Dr. Dobb's is part of the Informa Tech Division of Informa PLC

This site is operated by a business or businesses owned by Informa PLC and all copyright resides with them. Informa PLC's registered office is 5 Howick Place, London SW1P 1WG. Registered in England and Wales. Number 8860726.

Channels ▼


Component Programming in D

The goal of writing reusable software is as old as programming, and is so well ingrained into programmers that we take it as an axiom. It's accepted and non-controversial. Of course, we all strive to produce reusable software, but as I look back on 35 years of programming, I note with chagrin that practically none of the code I've written has been usable in another project. I will "reuse" code by copy-paste-modify, but that's cheating, and even that doesn't happen too often.

While it might seem that I have missed the boat somewhere, I've asked other long-time programmers, and many of them seem to have the same frustrating experience. This starts out, then, as journey into figuring out what went wrong. Why does that compressor I wrote before not work in another project? Why is my macro expander not reusable? Why did I chuck all my carefully written UTF code? Why do I write symbol tables over and over again? Why is that disassembler I wrote completely unusable in another application? Why do I keep reinventing the wheel?

My first thought was that I am now a better programmer than I was, and so rewrites are justified. That's just too easy a rationalization, though. A more careful examination turns up two troubling characteristics of my components:

  • The abstractions are leaky. I have failed to encapsulate the problem, and the component's dependencies have leaked out into the surrounding application, and the surrounding application's dependencies have leaked into the component.
  • The components are too specific. They are not about generic type T, but about specific type X. The implementation contains and takes advantage of specific information about X.

Things need some rethinking. Let's go back to first principles, and think about what a component is.

What is a Component?

One aspect of a component is that it is reusable software. But being reusable isn't enough. In C, for example, there are lots of available reusable libraries for all kinds of things. But they aren't necessarily components. A component has a predefined interface that it conforms to. Most C libraries roll their own unique interfaces, and the developer wishing to use them has to build custom scaffolding for each one.What sort of defined interface could possibly be general enough to work for a wide range of software components?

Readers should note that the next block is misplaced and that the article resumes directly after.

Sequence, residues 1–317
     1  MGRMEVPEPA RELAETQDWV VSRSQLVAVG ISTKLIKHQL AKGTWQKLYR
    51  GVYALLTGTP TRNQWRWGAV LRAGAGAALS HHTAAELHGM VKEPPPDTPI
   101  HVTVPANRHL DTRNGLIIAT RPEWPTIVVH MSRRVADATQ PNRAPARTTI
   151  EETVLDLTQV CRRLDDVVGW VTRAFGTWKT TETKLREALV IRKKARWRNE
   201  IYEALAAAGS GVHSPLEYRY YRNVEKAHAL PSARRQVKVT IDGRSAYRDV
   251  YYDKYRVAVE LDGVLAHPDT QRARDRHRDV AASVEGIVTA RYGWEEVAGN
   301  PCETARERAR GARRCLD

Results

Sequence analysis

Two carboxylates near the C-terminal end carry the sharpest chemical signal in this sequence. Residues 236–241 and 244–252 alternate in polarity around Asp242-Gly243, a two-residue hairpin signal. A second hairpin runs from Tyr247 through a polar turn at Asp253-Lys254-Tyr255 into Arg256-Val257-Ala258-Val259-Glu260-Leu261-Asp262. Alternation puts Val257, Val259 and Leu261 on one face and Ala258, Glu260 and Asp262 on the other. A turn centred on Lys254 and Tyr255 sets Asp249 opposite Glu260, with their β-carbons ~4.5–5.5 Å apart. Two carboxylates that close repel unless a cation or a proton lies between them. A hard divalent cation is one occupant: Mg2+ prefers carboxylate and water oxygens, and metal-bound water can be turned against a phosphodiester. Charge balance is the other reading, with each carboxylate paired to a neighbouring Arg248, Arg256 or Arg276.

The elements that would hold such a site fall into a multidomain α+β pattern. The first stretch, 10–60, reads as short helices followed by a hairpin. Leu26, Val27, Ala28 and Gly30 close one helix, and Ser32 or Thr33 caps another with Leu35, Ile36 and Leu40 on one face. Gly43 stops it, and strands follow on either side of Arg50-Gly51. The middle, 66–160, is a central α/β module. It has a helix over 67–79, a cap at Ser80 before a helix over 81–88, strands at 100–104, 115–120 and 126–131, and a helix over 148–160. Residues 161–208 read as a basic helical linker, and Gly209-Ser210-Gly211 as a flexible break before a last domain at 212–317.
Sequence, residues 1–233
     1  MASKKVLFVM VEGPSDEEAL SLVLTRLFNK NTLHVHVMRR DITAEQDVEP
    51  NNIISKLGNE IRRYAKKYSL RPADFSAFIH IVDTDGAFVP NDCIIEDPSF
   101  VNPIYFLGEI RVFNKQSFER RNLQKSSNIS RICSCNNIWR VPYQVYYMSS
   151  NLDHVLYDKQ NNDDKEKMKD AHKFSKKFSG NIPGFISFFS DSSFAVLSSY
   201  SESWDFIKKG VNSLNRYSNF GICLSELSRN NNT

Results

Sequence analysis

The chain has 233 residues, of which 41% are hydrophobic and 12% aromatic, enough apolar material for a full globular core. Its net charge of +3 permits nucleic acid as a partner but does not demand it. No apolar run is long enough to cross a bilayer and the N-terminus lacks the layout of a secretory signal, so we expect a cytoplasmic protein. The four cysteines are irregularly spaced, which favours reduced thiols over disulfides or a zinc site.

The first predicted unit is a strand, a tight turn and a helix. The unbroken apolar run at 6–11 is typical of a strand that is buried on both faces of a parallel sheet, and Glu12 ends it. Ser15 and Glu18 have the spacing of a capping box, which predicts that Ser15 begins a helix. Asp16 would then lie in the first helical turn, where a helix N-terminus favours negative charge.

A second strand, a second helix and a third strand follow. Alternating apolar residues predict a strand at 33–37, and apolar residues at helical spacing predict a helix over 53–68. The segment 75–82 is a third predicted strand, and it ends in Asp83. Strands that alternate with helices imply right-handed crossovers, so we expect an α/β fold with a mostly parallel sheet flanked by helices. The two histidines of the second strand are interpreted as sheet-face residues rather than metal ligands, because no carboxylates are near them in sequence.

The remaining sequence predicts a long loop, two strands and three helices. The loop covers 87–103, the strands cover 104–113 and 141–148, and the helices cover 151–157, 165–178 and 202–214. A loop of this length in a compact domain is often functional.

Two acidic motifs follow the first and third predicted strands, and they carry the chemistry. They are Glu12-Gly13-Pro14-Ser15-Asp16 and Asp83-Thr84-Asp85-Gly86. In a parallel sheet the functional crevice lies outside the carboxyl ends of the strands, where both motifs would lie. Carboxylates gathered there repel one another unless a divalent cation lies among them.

Paring a program down to its fundamentals, they are:

  1. Read input
  2. Process that input
  3. Write output

Even if a program itself doesn't fit that model, it is usually composed of subsystems that conform to it.

Let's rewrite this in pseudo code:

source => algorithm => sink

Chaining things together makes sense:

source => algorithm1 => algorithm2 => sink

and so on. This looks awfully familiar. It looks like the UNIX command line — the files and filters model. Files form the sources and sinks, and the algorithms are called "filters." The UNIX command line is a brilliant innovation where the components are files and filter programs. Each filter program does one smallish job. To get things done, the command line user strings them along, the output of each feeding into the input of the next, and the final sink is a file or the console. (There are endless examples of how successful this component style is.)

Because UNIX is largely written in C, this model has found its way into common C usage, and is the ubiquitous file interface. Component programming in C relies on being able to express sources and sinks as files, and use algorithms that operate on the file interfaces. This is so successful that there are often pseudo-file systems.

Of course there are limitations. The approach shows the usual characteristics of something that evolved while retaining backward compatibility, rather than being designed up front, as anyone trying to figure out ioctl can attest. Worse, it views data as a stream of bytes, and that's awkward for a lot of uses, as certain algorithms imply specific supporting data structures. I'll get into this shortly.

Looking Back At My Code

With these thoughts in mind, I look back at all my failures at reusable code and notice something else: It looks nothing at all like: source → algorithm → sink.

In fact, it looks like a bunch of nested loops. The source data enters at the top, and gets swirled around and around in ever smaller and tighter loops, and leaves via the sink in the center of that maelstrom. For example, here's a simple program in pseudo-code that reads a text file from stdin line by line, tests to see if each line matches a pattern, and writes those lines out to stdout:

void main(string[] args)
	string pattern = args[1];
              while (!feof(stdin))
	    string line = getLine(stdin);
	    if (match(pattern, line))